Food and Behaviour Research

Donate Log In

Choline - A Neglected Nutrient Vital for Healthy Brains - BOOK HERE

Poor metabolic health linked to worse brain health

by University of Oxford

Credit: Anna Shvets from Pexels

"Poorer metabolic health is thought to play an important role in future risk of developing dementia. Interestingly, our findings show that it is also associated with worse brain health even in individuals without dementia."

19/06/2024 - Medical Xpress

People with poor metabolic health are more likely to have memory and thinking problems and worse brain health, according to a new study by researchers at Oxford Population Health. The study is the largest study into metabolic and brain health to date. The paper "Association of Metabolic Syndrome With Neuroimaging and Cognitive Outcomes in the UK Biobank," is published in Diabetes Care.
Poor metabolic health, also known as "metabolic syndrome," is defined as having three or more of the following: a large waist circumference, high triglycerides, high blood pressure, high blood sugar, and lower levels of high-density lipoprotein (HDL) cholesterol, sometimes known as 'good' cholesterol. Globally, one in four adults live with metabolic syndrome.
Previous studies have shown that having poor metabolic health could increase the risk of developing dementia, but it was unclear whether it is linked to worse brain health even in people who do not have dementia. Maintaining both brain structure and cognitive abilities are crucial for healthy aging as the loss of both can negatively impact brain health and might indicate progression towards dementia.
The researchers investigated whether having poor metabolic health affected brain volume and cognitive abilities by analyzing results from 37,395 UK Biobank participants who did not have dementia; 7,945 of the participants had poor metabolic health when they joined the UK Biobank study.
The study found that having poor metabolic health was linked to:
  • Lower total brain volume and lower gray matter volume, which is responsible for processing information in the brain;
  • Increased white matter hyperintensities, a marker of vascular brain damage which has been previously linked to dementia;
  • Memory problems, indicated by reduced hippocampal volume, and worse performance in cognitive tests of working memory (a type of short-term memory) and verbal declarative memory (ability to recall and repeat information);
  • Worse performance in cognitive tests of processing speed (how quickly you process information), verbal and numerical reasoning (ability to understand and manipulate words and numbers), nonverbal reasoning (ability to understand information not presented as words or numbers, such as in pictures and diagrams), and tests of executive function (involved in planning and problem solving).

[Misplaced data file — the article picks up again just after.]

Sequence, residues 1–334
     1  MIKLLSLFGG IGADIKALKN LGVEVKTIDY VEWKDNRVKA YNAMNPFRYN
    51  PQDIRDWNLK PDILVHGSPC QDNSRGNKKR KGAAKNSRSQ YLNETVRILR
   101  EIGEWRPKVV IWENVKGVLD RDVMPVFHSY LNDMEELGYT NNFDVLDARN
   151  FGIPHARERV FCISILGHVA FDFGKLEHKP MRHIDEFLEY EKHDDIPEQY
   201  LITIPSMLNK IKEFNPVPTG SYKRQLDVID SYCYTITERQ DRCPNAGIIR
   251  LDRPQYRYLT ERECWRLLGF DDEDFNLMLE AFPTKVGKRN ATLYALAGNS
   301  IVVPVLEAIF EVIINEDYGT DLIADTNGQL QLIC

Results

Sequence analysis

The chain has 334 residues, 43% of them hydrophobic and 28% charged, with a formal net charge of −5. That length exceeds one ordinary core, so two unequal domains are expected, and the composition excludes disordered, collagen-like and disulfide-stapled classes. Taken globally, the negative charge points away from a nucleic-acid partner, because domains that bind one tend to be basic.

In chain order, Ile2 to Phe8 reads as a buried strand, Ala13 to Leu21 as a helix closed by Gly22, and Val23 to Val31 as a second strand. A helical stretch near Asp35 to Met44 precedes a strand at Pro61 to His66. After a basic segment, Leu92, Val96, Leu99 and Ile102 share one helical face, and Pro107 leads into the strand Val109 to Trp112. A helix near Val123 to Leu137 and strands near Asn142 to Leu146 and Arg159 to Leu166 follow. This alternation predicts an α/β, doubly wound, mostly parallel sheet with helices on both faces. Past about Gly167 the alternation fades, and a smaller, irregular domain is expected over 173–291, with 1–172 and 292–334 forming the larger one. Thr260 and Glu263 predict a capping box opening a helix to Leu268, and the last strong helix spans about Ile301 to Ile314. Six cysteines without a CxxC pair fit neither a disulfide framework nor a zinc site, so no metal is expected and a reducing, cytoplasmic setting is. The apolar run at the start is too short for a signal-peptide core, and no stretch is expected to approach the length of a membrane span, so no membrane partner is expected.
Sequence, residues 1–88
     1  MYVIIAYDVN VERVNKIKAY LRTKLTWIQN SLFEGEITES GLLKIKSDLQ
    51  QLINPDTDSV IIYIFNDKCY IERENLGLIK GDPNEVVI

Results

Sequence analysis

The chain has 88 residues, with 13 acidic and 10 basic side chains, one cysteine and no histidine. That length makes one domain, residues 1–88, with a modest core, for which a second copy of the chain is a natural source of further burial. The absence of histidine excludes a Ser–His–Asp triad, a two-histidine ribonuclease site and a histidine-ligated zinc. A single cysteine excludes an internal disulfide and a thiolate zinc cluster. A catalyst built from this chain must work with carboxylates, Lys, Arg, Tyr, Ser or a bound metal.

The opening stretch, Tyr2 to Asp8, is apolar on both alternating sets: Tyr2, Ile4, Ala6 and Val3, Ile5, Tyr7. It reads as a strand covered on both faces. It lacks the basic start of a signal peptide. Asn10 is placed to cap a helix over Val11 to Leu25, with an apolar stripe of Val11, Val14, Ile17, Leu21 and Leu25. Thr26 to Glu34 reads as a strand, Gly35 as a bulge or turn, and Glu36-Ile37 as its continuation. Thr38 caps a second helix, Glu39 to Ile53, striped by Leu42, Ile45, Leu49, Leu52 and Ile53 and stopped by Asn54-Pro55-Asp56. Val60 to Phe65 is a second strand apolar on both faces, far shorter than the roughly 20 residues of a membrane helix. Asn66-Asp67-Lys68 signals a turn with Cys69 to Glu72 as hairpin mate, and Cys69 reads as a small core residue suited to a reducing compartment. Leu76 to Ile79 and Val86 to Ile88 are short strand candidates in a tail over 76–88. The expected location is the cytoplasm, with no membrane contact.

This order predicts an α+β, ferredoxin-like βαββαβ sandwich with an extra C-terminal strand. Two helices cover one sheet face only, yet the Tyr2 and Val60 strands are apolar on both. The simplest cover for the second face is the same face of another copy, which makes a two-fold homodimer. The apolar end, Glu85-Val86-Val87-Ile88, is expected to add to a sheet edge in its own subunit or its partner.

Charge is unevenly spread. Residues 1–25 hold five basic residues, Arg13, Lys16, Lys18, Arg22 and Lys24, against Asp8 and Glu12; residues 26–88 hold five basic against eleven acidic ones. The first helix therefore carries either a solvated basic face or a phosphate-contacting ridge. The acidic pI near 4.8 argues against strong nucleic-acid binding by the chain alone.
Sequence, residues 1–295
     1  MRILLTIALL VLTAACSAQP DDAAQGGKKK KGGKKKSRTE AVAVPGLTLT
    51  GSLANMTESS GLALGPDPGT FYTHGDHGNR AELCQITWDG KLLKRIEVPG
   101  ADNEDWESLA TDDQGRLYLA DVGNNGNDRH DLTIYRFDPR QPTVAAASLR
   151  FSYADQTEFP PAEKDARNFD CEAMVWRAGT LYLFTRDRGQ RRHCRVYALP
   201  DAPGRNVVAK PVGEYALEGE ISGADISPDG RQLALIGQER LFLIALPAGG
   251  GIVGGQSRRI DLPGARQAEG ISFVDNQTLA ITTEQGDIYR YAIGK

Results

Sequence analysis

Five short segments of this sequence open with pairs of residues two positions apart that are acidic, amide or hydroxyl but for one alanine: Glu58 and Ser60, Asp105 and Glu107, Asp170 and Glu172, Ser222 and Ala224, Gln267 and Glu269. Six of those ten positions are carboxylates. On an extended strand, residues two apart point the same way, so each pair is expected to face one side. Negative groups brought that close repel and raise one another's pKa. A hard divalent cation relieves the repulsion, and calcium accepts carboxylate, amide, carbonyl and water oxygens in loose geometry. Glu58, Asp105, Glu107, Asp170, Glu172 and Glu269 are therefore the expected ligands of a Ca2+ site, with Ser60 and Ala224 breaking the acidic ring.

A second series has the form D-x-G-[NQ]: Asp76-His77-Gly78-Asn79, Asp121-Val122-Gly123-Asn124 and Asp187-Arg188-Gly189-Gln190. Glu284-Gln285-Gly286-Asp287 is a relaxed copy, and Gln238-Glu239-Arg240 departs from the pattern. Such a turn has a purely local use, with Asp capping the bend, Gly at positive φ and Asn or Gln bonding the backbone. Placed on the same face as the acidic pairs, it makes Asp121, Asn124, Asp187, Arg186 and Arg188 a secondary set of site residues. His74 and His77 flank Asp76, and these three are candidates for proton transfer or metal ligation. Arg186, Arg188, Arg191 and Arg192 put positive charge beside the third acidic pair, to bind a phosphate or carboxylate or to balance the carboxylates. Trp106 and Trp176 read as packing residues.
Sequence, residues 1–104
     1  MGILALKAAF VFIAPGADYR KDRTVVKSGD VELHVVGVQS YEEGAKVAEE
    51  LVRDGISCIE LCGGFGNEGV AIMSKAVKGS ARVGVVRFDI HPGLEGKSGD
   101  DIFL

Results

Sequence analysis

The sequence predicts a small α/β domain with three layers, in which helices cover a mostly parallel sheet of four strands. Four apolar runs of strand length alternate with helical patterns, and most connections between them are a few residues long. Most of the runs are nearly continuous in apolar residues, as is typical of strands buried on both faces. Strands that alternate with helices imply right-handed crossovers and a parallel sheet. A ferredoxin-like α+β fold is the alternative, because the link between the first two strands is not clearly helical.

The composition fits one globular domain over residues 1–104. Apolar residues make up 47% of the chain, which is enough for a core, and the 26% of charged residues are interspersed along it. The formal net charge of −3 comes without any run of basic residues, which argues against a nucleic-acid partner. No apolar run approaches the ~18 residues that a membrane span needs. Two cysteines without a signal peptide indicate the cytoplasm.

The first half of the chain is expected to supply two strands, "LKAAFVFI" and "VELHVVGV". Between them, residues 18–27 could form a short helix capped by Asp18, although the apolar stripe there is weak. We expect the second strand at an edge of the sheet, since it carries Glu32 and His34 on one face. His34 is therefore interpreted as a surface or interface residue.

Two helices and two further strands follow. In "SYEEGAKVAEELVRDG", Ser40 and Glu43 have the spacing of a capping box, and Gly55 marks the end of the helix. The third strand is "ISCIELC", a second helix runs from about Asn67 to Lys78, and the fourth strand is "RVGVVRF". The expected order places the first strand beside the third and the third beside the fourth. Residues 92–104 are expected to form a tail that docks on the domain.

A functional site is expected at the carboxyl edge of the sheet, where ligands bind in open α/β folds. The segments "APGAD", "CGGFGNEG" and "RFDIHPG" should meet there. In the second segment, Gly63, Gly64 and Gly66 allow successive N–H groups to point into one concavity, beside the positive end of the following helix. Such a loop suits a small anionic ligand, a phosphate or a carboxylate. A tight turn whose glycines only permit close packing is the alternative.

Danial Qureshi, Ph.D. candidate at Oxford Population Health and lead author of the study, said "Our study findings show that poor metabolic health is associated with a reduction in brain volume and worse cognitive performance, and this may contribute to the future development of dementia. It is estimated that up to 40% of dementia cases may be preventable through dietary and lifestyle changes. Therefore, maintaining one's metabolic health could be crucial for reducing the risk of dementia and related brain disorders."
Dr. Thomas Littlejohns, senior epidemiologist at Oxford Population Health and senior author of the study, said, "Poorer metabolic health is thought to play an important role in future risk of developing dementia. Interestingly, our findings show that it is also associated with worse brain health even in individuals without dementia.
"These findings were consistent across different age groups, including those in their fifties, sixties, and seventies. The next step is to confirm if better prevention, treatment, and management of metabolic conditions leads to improved brain health in both mid and later life."
Madeleine Walpert, Research Fellow at Dementia UK, said, "This large study highlights the significance of recognizing conditions that can increase dementia risk and exhibit similar symptoms to dementia. The findings show that metabolic syndrome reduces gray matter volume, increases vascular brain damage, and impacts cognition across domains like memory and processing speed—paralleling some hallmark symptoms of dementia.
"This evidence reinforces the necessity of understanding how conditions interact and manifest with overlapping conditions, especially as nine in 10 people with dementia also live with another long-term health condition. Treating and caring for people holistically, addressing not just individual conditions but also the interplay between coexisting conditions and their combined impact on overall health and well-being, is important."
The researchers used data from the UK Biobank, which consists of more than half a million women and men who joined the study between 2006 and 2010 aged 40–69 years.
From 2014 onwards, more than 50,000 participants underwent additional assessments, including brain imaging and completing a range of cognitive tests. Combining these data with other information is enabling scientists to provide unprecedented insights into how the diseases of aging develop.